The earthquake we experienced on Saturday night in the Shibuya district of Tokyo was the deepest ever recorded. It was 677km down which is almost incomprehensible. Although the epicentre was off the coast at the Ogasawara islands it shook the whole of Japan and aftershocks were felt as far away as India and Nepal. One milder quake was followed by a much longer and stronger episode.
The Shibuya shuffle
It seemed to get little international attention as it didn’t cause a Tsunami (the more shallow quakes do this) and no nuclear power plants were affected. It didn’t get much coverage back in the UK where the British tabloid mentality was consumed with the antics of Sepp Blatter and Fifa and whether Nicola Sturgeon from the SNP would be getting her own talk show in America.
Not Sepp Blatter
However, sitting in our Air BnB which had been described as an ‘amazing cosy room!’ feeling the whole building sway violently from side to side while everything that was fixed starting to move, it felt very significant indeed. Yes, we all know in our heads that our daily concerns and traumas are really not that important, but when you think the very earth that you live on is in danger of exploding around you it makes you stop and think.
Shibuya crossing minutes before the quake struck
The Japanese are used to earthquakes. Their country is right in the middle of four giant tectonic plates and the country has been devastated by natural disasters – volcanoes, earthquakes and Tsunamis many times over the centuries. They have the most advanced earthquake proof buildings and regulations are tight. When pressed for earthquake info, the old lady downstairs shrugged her shoulders and by way of explanation said ‘Japan sometimes shakes.’ Our Air BnB hosts said ‘Yes we sometime have an earth quake but almost just small one so it will be no problem.’ When I sought further reassurance the reply was ‘You should hide under a table to take cover from a falling object. Then you can get out when stop the shaking.’ OK.
A rainy night in Tokyo
This quake was so far down in the earth’s core it is potentially the most deadly type of earthquake of all. Liquefaction occurred when the earth heats up so much that it melts the soil beneath the crust and forces it out through fissures to relieve the build up of pressure. This video link shows roads moving, street furniture shifting and people falling over in the street last Saturday May 30th 2015. I won’t ever forget it anyhow. We are both now signed up to the earthquaketracker.com app for regular alerts and updates. Another fascinating website for the natural disaster addict is called Extinction Protocol. I kid you not.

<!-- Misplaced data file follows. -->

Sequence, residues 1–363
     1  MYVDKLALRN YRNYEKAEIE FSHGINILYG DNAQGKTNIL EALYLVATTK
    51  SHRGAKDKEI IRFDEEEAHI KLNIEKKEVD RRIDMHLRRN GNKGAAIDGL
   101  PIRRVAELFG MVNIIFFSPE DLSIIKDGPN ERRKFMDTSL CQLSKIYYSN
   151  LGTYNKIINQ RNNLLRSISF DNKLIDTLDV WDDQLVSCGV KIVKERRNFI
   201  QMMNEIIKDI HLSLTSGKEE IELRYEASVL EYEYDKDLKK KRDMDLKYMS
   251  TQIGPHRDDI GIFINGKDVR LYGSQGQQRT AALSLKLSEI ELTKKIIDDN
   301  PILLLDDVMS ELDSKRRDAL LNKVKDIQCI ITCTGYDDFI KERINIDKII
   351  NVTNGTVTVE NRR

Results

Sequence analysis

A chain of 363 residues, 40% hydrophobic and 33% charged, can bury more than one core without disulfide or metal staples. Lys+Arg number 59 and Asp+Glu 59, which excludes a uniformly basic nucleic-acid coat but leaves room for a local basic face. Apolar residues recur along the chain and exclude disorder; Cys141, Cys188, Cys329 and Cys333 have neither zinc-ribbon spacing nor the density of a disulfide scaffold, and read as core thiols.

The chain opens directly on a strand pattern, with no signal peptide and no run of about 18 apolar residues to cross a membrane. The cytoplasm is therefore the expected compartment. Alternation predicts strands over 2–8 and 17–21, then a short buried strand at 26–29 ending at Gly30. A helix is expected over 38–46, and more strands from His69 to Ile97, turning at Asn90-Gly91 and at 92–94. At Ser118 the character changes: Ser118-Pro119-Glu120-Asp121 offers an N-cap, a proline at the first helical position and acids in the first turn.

Was it only a couple of days ago we had arrived in Tokyo and started to feel like we were starring in our own video game?
Cracking the code
We had completed the Suduko/Krypton factor challenge of actually finding our Air BnB in the first place. This had involved a complicated series of instructions, part pictures, part cunning directions which negotiated us through the centre of this Bladerunner city at night. We had to find a stock room down a side alley, then crack a code to find some keys which led to another set of deposit boxes which held the actual apartment keys. After travelling for about 36 hours this was no mean feat I can tell you.
We found the key!
Japan is the country I have visited which most feels like another planet altogether. It is Total Recall (the original film not the lame action remake) right down to the bingy bongy music just everywhere and the cars which all look like Jonny cabs. Even the toilets are space age. They play music, have different styles of squirting water at your nether regions, and have a button to create an extra loud flushing sound for some inexplicable reason. The trip continued in this vein and, as we found ourselves in a Karaoke room in Ginza a few nights later which had the bad lighting and tired decor of a 1970’s working men’s club there, was only one to sing. That top hit all over the world by Taylor Swift ‘Shake It Off’ or as we renamed it ‘Quake It Off.’